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Bakersfield Restaurant Expanding from Over-the-Rhine to the Short North

Ayana Wilson Ayana Wilson Bakersfield Restaurant Expanding from Over-the-Rhine to the Short North
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When Joe and John Lanni opened the first Bakersfield Restaurant in Cincinnati in Over-the-Rhine, it was with the intention of being a completely unique concept that featured cuisine prepared for and named after the “Bakersfield Sound”: firmly country with a rock n’ roll influence. Buck Owens and Johnny Cash, among others, defined this type of music, and their legacy and lifestyle inspired the eatery known for tacos, tequila, and bourbon.

In early fall of this year, the Lanni brothers will open only their third installation of the restaurant in the Short North at 731 North High Street, the former site of China Bar Restaurant. The 3,500 square-feet space will seat about 90-100 guests, and include a sidewalk patio for Short North gazing and more.

“The Short North was one of our first choices for this,” Joe Lanni discloses. “We wanted a neighborhood with a strong identity and diverse population, because that’s the kind of crowd we resonate with. We have only two other Bakersfields in Cincinnati and Indianapolis, and the Short North has a similar feel.”

If you’re familiar with the layout of what has also been Black Olive in the past, then you know that the bar currently separates the space’s two large dining rooms. Bakersfield will be joining those rooms together and enlarging the bar to create an awesome and eclectic atmosphere.

Bakersfield’s menu is a fairly succinct offering of a couple salads, tortas, and roughly eight different tacos including a Short Rib with pickled onions, a Fish with a tabasco lime sauce, and the vegetarian Rajas with poblano and chihuahua cheese. They also carry a hillbilly-friendly selection of beers, and margaritas are available by both the jar and pitcher.

More importantly however, the menus are Short North-friendly, which means that if you want to spend less than $10 for a complete meal, you can, and if you want to sip on $60 pours of chilled tequila, you’re also right at home to do so.

“We want to be able to tailor the customer’s experience to whatever they want it to be,” shares Lanni. “We’re just so jazzed to find a good location, with good neighbors, we’re really lucky, and we’re looking forward to building something special.”

For more as Bakersfield’s opening day approaches, visit www.bakersfieldotr.com.

For more information on Joe and John Lanni’s Currito restaurant concept that is also expanding to Columbus, CLICK HERE.

Photo via Bakersfield.

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  • mbeaumont

    Huge upgrade. Looking forward to the opening!

  • Agreed, Mike! A welcome addition and much better use of that space.

  • Realist

    Happy to have them in Cbus, but I think Paul Kahan and his team at Big Star would be offended to see Bakersfield calling itself “completely unique.”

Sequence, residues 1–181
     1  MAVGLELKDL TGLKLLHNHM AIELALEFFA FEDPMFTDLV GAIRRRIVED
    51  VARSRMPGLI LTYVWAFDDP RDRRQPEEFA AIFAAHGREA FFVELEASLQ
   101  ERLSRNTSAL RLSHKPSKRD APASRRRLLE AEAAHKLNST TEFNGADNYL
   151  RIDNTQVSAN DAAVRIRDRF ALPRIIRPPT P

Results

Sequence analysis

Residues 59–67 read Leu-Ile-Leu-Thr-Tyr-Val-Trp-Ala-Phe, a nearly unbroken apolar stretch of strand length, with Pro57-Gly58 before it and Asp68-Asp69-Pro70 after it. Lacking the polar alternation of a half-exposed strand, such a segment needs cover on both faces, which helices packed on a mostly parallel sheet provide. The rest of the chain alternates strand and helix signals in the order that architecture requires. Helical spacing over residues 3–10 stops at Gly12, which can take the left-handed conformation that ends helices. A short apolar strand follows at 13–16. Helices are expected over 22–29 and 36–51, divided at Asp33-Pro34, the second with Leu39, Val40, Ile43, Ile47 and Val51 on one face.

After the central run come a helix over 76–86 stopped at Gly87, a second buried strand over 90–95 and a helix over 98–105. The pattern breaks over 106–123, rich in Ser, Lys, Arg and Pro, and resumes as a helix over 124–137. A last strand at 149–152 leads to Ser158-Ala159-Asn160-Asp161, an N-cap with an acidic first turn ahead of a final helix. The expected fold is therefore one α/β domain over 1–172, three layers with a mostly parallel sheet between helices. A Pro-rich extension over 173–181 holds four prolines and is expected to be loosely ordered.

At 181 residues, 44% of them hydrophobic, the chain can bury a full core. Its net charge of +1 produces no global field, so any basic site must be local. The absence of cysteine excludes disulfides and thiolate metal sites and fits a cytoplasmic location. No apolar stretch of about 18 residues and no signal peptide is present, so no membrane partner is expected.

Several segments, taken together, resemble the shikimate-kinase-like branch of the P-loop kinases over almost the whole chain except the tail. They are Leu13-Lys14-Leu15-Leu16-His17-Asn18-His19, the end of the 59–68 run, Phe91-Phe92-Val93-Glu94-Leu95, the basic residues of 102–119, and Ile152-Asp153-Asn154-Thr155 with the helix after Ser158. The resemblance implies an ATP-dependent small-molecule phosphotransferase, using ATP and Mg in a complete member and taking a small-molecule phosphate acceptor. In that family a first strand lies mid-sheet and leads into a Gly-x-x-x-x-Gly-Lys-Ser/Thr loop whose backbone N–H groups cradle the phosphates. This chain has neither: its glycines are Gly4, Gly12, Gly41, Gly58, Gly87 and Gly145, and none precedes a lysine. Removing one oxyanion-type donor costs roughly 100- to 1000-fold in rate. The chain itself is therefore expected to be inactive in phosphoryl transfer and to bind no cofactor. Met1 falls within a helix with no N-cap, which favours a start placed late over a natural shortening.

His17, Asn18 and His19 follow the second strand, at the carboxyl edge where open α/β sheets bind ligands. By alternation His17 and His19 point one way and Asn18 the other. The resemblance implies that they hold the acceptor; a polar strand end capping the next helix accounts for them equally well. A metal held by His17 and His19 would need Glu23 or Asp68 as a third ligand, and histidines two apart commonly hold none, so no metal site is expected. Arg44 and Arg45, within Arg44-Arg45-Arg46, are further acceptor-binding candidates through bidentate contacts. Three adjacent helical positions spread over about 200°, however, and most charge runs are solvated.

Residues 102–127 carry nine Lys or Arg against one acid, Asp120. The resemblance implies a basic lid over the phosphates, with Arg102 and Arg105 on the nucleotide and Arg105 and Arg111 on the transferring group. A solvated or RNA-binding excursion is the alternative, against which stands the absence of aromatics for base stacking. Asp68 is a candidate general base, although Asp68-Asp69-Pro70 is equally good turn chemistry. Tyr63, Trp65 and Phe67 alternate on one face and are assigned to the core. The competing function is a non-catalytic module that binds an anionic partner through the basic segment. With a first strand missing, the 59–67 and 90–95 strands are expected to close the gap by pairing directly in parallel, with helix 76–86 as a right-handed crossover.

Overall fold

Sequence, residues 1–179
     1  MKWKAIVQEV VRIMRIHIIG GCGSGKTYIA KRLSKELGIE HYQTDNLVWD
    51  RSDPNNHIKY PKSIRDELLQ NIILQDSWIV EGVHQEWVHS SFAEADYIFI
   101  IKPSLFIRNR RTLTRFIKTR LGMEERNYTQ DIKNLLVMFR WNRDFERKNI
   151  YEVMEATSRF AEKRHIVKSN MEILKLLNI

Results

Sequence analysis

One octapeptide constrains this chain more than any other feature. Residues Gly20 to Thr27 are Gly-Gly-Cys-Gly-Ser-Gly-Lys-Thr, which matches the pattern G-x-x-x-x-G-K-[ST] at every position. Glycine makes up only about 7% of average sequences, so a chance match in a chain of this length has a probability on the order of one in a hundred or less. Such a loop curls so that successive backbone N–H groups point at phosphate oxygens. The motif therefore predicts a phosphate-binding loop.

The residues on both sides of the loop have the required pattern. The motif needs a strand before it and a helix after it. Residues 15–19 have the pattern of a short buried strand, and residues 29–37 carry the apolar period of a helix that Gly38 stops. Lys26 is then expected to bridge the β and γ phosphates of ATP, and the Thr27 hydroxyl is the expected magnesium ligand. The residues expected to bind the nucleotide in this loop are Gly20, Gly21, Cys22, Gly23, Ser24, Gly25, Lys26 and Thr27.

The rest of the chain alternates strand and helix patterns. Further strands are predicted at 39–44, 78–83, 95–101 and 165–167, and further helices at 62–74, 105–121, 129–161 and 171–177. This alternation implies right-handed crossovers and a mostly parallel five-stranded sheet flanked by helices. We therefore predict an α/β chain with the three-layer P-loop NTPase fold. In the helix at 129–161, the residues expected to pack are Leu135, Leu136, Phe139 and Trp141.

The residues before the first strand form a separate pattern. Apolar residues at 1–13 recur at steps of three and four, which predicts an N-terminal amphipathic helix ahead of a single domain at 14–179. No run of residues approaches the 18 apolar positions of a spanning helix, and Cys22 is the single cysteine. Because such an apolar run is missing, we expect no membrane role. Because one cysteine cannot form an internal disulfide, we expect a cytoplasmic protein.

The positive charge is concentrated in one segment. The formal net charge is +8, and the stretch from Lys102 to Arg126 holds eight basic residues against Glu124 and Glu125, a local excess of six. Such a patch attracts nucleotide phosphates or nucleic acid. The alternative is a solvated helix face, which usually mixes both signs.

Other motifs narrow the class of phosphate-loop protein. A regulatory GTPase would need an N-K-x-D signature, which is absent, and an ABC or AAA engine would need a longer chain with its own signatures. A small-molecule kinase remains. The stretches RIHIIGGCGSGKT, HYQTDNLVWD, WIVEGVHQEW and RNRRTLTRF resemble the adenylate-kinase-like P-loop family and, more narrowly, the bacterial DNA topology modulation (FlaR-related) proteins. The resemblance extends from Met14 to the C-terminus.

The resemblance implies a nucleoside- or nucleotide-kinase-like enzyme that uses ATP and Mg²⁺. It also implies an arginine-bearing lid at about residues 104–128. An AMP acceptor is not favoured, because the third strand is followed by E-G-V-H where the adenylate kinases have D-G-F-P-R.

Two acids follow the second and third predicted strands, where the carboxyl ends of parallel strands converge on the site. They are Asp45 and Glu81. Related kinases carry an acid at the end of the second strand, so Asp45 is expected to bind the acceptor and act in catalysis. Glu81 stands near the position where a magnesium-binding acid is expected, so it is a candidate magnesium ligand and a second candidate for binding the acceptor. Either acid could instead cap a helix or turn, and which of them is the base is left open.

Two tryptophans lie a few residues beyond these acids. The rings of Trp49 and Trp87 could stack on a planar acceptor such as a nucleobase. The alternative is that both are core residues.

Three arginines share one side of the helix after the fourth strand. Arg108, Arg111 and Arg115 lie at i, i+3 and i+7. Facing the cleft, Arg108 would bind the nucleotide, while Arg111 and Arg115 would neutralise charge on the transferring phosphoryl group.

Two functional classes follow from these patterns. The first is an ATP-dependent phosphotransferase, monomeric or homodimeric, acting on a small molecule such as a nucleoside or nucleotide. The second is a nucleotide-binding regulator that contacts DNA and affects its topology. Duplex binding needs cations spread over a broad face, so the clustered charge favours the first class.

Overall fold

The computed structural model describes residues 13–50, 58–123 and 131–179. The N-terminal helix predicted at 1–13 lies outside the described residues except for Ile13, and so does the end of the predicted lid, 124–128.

• Lauren Wilson

    As a huge fan of Big Star, it is obvious that Bakersfield lifted their entire concept from them. However, that said, I can get to the SN and Cincy much more frequently than to Chicago. And the food is great. So I can’t complain. :)

    But yeah…the one in OTR even has the same caddys on the tables and even the exact same kind of board with the snap on letters where they list the daily whiskey specials. :)

  • Lauren Wilson

    This is even right on Big Star’s website.
    “The Story

    Between 1935 and roughly 1942, tens of thousands of working-class people from Oklahoma, Texas, Arkansas and Missouri descended on the west coast – particularly Los Angeles and the California Central Valley. The Depression-era migration was also connected to the devastating 1935-1938 dust storms of the southern plains but the majority of the exodus was economically based.

    Whatever the motives for going out West, these migrants were responsible for developing the “Bakersfield Sound.” Bakersfield’s two greatest musicians, Merle Haggard & Buck Owens, helped define this “sound” – the unique twang of the fender telecaster guitar, vocal harmonies & a rough edge not heard on the more polished Nashville recordings of the same era.

    The honky-tonks of Bakersfield and Kern County included places like the Ethyl’s Corral, the Pioneer Club, the Rhythm Rancho and the Texhoma Club which made their rural Southern association in name and with “rude décor.” These clubs were often rough and embraced drink, violence and rebellion. This was a society of extremes: sobriety & drunkenness, piety & hell raising, wild Saturday nights followed by Sunday religious revivals.

    Bakersfield, in the late 30′s and early 40′s, was one of those rare unions of people, place & time, talent and opportunity and purpose that symbolized a city transformed by music. In this spirit, we have created Big Star.”

  • mbeaumont

    I love Big Star too. Hopefully it’ll be easier to actually dine at Bakersfield. I havent’ been to Chicago in a year or so, maybe Big Star has slowed down, but their first few years were just always packed.

    I always ended up at the takeout window.

    Oh and, holy shit did they ripoff Big Star, haha. Wow.

  • Lauren Wilson

    I haven’t had problems getting into Bakersfield in OTR, but I was usually there at odd times.

  • romanh

    Glad to see a new owner in that space.

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